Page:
Full Text Available Sarcopenia often co-exists with obesity, and may have additive effects on insulin resistance. Sarcopenic obese individuals could be at increased risk for type 2 diabetes. We performed a study to determine whether sarcopenia is associated with impairment in insulin sensitivity and glucose homeostasis in obese and non-obese individuals.We performed a cross-sectional analysis of National Health and Nutrition Examination Survey III data utilizing subjects of 20 years or older, non-pregnant (N = 14,528. Sarcopenia was identified from bioelectrical impedance measurement of muscle mass. Obesity was identified from body mass index. Outcomes were homeostasis model assessment of insulin resistance (HOMA IR, glycosylated hemoglobin level (HbA1C, and prevalence of pre-diabetes (6.0≤ HbA1C<6.5 and not on medication and type 2 diabetes. Covariates in multiple regression were age, educational level, ethnicity and sex.Sarcopenia was associated with insulin resistance in non-obese (HOMA IR ratio 1.39, 95% confidence interval (CI 1.26 to 1.52 and obese individuals (HOMA-IR ratio 1.16, 95% CI 1.12 to 1.18. Sarcopenia was associated with dysglycemia in obese individuals (HbA1C ratio 1.021, 95% CI 1.011 to 1.043 but not in non-obese individuals. Associations were stronger in those under 60 years of age. We acknowledge that the cross-sectional study design limits our ability to draw causal inferences.Sarcopenia, independent of obesity, is associated with adverse glucose metabolism, and the association is strongest in individuals under 60 years of age, which suggests that low muscle mass may be an early predictor of diabetes susceptibility. Given the increasing prevalence of obesity, further research is urgently needed to develop interventions to prevent sarcopenic obesity and its metabolic consequences.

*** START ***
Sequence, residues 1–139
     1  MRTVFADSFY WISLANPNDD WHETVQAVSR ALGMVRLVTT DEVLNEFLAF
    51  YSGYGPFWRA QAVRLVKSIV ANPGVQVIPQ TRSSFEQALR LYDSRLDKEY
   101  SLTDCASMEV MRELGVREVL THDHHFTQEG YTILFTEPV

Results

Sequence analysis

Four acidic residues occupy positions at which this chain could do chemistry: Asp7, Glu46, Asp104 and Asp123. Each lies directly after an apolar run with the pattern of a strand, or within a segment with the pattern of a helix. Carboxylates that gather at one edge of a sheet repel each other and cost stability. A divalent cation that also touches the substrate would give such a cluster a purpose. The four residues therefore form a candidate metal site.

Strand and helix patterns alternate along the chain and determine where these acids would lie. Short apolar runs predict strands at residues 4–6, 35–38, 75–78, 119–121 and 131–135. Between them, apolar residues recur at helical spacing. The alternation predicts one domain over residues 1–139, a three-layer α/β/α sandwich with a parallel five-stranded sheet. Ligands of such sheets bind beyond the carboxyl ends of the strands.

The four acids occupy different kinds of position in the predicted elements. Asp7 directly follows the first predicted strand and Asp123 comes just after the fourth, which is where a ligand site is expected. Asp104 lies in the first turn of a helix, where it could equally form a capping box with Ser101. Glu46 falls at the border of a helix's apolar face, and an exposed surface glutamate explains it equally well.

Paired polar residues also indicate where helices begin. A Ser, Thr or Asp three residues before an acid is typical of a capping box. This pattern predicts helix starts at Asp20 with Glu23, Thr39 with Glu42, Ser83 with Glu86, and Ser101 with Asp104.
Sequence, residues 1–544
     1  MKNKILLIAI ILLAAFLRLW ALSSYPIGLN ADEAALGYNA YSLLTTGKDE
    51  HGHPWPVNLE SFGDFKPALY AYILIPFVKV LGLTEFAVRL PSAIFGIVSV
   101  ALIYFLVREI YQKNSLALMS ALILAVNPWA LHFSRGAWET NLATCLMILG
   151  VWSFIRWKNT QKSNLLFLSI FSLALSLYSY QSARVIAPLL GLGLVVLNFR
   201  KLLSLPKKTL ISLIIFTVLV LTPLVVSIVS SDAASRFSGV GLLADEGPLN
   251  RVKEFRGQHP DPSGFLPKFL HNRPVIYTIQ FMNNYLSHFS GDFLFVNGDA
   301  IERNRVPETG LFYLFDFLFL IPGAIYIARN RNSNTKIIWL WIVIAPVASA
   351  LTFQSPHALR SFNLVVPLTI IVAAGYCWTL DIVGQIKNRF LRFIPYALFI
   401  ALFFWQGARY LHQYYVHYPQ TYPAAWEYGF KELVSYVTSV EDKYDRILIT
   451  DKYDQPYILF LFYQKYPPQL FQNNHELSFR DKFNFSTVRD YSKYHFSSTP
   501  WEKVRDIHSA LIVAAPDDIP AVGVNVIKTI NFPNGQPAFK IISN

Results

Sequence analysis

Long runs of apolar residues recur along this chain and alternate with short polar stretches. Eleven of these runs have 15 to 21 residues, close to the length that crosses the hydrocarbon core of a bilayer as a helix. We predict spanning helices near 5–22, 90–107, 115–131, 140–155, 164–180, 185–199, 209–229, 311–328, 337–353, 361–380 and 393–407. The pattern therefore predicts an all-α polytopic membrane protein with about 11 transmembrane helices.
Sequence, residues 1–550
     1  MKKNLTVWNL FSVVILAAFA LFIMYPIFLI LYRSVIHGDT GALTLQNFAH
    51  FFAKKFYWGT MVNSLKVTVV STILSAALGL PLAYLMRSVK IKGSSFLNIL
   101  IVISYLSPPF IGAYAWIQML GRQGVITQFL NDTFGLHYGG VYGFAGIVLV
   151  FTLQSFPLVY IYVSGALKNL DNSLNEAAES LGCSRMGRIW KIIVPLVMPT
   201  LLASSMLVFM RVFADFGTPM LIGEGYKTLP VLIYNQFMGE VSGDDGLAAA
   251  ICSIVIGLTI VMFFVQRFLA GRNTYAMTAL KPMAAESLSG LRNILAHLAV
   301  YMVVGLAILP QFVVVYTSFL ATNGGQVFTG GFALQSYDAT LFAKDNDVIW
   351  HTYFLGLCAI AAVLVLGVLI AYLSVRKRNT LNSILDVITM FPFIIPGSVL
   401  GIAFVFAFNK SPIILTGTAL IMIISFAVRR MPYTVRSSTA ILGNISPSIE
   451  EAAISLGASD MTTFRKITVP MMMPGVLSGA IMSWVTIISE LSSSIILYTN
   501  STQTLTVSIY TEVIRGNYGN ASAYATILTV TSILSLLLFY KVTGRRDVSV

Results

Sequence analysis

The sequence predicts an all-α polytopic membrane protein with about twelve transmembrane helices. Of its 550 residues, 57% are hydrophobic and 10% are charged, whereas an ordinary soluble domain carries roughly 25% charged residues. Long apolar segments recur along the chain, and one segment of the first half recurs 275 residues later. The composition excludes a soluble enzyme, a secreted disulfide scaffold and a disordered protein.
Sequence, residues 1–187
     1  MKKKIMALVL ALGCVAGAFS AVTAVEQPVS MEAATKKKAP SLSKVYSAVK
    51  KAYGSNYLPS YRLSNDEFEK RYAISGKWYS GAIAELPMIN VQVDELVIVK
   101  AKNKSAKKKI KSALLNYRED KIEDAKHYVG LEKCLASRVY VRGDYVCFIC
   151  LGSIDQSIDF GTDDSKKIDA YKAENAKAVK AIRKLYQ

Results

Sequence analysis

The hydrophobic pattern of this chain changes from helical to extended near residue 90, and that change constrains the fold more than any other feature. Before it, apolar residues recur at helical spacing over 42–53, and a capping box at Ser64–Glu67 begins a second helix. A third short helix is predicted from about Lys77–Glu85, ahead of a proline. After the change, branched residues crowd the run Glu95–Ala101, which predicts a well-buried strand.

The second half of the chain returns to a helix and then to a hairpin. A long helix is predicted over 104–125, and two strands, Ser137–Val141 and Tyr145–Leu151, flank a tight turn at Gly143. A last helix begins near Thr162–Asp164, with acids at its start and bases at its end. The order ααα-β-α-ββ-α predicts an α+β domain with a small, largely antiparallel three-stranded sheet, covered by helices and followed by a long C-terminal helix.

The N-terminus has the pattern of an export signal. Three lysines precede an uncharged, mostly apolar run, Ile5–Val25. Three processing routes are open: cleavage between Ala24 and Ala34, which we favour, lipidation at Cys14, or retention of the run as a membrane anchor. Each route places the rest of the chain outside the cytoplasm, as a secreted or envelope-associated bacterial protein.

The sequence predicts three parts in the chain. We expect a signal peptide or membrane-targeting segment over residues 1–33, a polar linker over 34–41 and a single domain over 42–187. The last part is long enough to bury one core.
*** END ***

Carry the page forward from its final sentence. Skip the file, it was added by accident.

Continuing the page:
9. Sleep disordered breathing and depression among U.S. adults: National Health and Nutrition Examination Survey, 2005-2008.

    Science.gov (United States)

    Wheaton, Anne G; Perry, Geraldine S; Chapman, Daniel P; Croft, Janet B

    2012-04-01